Remembering Jason Saltman
The following is a remembrance of Jason Saltman, MSES class of 2009, recently submitted by classmate John Deignan ‘08.

On November 22, Vermont lost a passionate environmental voice in the passing of Jason Saltman, who died after a yearlong battle with cancer. Jason was in the first graduating class of Green Mountain College’s MSES program, and would go on to work for local environmental advocacy groups in southern and central Vermont and Massachusetts. You were just as likely to find Jason wandering along the shoulders of Hogback Mountain as you would looking at a macro invertebrate while wading in a river, or playing bluegrass at a farmers’ market. Jason was well-traveled, well-read, well-storied and a devoted husband to his wife, Dr. Kim Kurak of Middlebury, Vt.

A lover of musical Americana, vegetarian food, and the many faces of nature, Jason was a true renaissance man. His world-view was rooted in logic and science, but aware of how human emotion and limitations could also be the grist for profound beauty and purpose in life. Over the last year, I watched my friend, (several years south of fifty), stare down the reality of his condition with honesty and authenticity. Jason was a gentleman at heart and tactful around the perspectives of strangers. But once a mutual comfort was established, he was not one to mince words, and expected the same from you.

Our friendship was an odd one. I am a spiritual fellow and a carnivore, and he a vegetarian and an avowed atheist. Our common denominator was our connection to nature. During and after the graduate program, we spent countless hours gently sparring over the big existential and environmental questions, like two boys with wooden swords as we hiked and paddled across the Vermont landscape.

Never seeking to persuade or pin down, nor giving quarter, our duels only lasted until one of us remembered that the real enemy lies in the agents that fostered disconnection to the bioregions we knew as home. Then off we’d charge as brothers down the trail – sticks in hand, in search of the grand adventure of rescuing our beloved, the environment, off of the train tracks of apathy and extinction. Each would make his own attempt at rescue, and who succeeded at saving the maiden didn’t really matter. But with each new bulletin from Bill McKibben, the Sierra Club or the IPCC, we would triangulate our understandings and look to see what we could do. I tended towards optimism, while my friend would give a prognosis with the cold realism of a Vegas bookmaker. Jason always insisted on seeing conditions for what they truly were, but the odds of survival had no bearing on whether or not he would put his thought, heart and actions into the struggle. He might deny this compliment, but he was braver than most.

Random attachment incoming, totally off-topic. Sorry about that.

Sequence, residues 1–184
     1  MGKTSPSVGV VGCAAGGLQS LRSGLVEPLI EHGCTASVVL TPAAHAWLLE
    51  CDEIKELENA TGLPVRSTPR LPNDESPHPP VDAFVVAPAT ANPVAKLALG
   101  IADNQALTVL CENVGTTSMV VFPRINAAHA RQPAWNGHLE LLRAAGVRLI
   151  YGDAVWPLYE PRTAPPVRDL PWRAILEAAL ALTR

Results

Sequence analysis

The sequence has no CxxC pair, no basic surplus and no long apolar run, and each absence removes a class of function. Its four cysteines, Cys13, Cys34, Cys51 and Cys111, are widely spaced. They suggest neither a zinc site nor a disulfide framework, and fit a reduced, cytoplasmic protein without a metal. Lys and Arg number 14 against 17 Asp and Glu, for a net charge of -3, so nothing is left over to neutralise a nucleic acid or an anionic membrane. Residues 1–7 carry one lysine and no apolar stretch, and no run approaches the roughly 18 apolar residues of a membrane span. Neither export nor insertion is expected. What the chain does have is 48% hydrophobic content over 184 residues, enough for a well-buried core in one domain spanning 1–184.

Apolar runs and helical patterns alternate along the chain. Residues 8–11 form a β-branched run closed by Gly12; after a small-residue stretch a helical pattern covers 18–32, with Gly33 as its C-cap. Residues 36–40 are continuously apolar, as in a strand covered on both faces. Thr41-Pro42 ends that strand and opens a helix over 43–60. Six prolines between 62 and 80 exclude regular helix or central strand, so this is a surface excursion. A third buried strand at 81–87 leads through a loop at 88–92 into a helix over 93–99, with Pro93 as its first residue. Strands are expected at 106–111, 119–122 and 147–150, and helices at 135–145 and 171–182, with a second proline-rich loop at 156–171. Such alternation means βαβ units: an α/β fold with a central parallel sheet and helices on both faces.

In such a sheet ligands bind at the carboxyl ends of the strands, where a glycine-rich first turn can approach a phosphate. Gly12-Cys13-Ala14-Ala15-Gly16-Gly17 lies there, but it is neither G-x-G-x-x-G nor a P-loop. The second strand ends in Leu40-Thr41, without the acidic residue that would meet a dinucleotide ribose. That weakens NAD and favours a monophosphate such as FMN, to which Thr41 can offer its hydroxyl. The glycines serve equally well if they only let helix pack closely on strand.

Phone calls or visits with Jason were highly unpredictable. He might want to discuss accordions and ukuleles, or Rick Bass and E.O. Wilson, or climate change and deforestation, or whether he could count on me climbing up Stratton Mountain with him at 2:45 a.m. in search of the Bicknell’s Thrush. Shifting back and forth from subject to subject, he would stalk something in the conversation, and then circle back to the original discussion if he thought there was more to say.

As my kayaking buddy, he seemed most dialed into his relationship with nature when he was on the water. I recall us paddling the Somerset Reservoir one afternoon when we saw a bald eagle swoop down and grab a nice sized fish from the water. To our good fortune, it then perched itself almost directly above us not fifty feet away. For the better part of 30 minutes we watched in frozen silence as it fed. He would often recall the event as one of the most sublime of his life, as he saw the full cycle of nature present in that moment. And that was Jason, living every moment.

From Jason’s wife, Dr. Kim Kurak:
Jason decided to not have a funeral but a small family gathering this summer to spread his ashes on Cayuga Lake in N.Y. where we have a family cottage. He loved this place the minute he set eyes on it and couldn't wait to go back every summer to bike, kayak and play music out on the dock. Ever the environmentalist, in lieu of any flowers he would prefer a donation to a charity: Shoulder to Shoulder (the organization where we met in Honduras), The Deerfield Watershed Association in Greenfield, Mass., or the environmental charity of your choice.
Thank you all for the loving words and messages. I know time will heal the pain and I am so lucky to have had the most wonderful husband and so many memories to carry me on. Kim

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